“Did she.” Oliver’s question dropped at the end to become a statement. “I bet he doesn’t know you’re here now.”
For the first time, Tania seemed unsure of herself.
“He doesn’t, no.”
“Keep it that way,” he said, opening the front door wide, and indicating to his newly-discovered and quickly-abandoned sister that this particular game of Happy Families was over.
I wasn’t sure what happened between Libby and Oliver after that. They disappeared into their room with the twins, and every now and then I heard the sound of raised voices, followed by one of the twins’ wailing.
Jane and I put Jack to bed, and had a whispered conversation while his bath was running.
“It will blow over,” Jane said, sounding more certain than she looked. “It has to. She meant no harm.”
“Things will look better in the morning,” I said.
They didn’t, of course.
They looked worse.
And the morning after that, too. Every day was worse than the last.
Libby put on a brave face and bright smiles during the day — while Oliver was out — and for minutes at a time we would forget anything was wrong. The babies always knew something was wrong, though, and cried alternately with hunger and colic. On Day Three, Libby abandoned her principles and gave them formula milk.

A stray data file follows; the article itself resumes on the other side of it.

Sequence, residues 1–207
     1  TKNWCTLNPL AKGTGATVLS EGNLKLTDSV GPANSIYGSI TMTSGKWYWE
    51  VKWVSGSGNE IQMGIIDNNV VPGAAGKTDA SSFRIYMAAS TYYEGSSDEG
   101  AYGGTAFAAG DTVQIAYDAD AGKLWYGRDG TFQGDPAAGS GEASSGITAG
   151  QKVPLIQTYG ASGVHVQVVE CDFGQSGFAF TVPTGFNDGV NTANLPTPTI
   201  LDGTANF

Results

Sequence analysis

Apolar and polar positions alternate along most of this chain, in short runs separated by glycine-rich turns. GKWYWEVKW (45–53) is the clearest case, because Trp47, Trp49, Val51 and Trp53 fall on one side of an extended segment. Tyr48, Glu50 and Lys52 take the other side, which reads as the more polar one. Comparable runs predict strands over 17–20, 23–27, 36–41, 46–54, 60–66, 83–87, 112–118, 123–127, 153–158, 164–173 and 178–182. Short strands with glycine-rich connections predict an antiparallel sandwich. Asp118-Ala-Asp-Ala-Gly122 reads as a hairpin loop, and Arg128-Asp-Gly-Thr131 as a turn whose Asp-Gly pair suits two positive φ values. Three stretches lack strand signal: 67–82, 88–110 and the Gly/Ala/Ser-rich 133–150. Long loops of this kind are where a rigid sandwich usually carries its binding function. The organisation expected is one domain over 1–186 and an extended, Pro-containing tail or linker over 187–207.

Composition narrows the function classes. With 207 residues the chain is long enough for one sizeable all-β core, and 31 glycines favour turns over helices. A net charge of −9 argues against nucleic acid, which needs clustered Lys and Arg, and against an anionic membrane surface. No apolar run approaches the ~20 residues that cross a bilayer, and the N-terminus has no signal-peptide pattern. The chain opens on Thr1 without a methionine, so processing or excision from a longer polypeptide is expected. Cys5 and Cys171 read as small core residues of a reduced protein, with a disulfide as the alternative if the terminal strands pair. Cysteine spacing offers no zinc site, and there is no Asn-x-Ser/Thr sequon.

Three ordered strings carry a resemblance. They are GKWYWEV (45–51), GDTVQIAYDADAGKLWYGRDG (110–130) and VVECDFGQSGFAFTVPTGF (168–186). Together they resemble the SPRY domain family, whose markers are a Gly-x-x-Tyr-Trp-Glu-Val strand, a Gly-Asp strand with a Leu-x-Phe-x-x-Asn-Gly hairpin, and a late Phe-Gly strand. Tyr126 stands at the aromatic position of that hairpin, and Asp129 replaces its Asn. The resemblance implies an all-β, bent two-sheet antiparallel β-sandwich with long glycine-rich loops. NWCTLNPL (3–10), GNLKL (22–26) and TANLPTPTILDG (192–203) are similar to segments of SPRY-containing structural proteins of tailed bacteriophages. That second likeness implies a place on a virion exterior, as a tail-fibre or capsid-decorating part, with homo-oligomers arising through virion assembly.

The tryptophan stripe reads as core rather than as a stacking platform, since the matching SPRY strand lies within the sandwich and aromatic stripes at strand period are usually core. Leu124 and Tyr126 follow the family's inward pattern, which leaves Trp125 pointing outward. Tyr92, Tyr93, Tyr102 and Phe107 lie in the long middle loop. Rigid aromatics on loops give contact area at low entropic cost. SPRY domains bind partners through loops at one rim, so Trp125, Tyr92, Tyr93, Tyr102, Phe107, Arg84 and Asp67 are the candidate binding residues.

When Oliver came home in the evenings, the atmosphere changed in the house. Jane and I would scurry for cover in the basement, pretending that we were keeping Jack entertained and out of the way.
Bad enough to bear were the frozen silences whenever Libby and Oliver were in the same room together. When Jane and I prepared dinner in the kitchen, we whispered, as if by whispering we could dissipate the cloud of anger and resentment that billowed forth from Oliver.
Worst of all, though were the nights. When everyone was in bed, we could hear — although we pretended not to — the increasing volume of Oliver’s voice, as the same argument was rehashed again and again.
“You had no right! None of your business!”
An inaudible murmur from Libby. More raging from Oliver.
“How would you like it if I invited a whole bunch of your long lost, naff relatives to barge into our life and turn it upside down? You wouldn’t, would you?”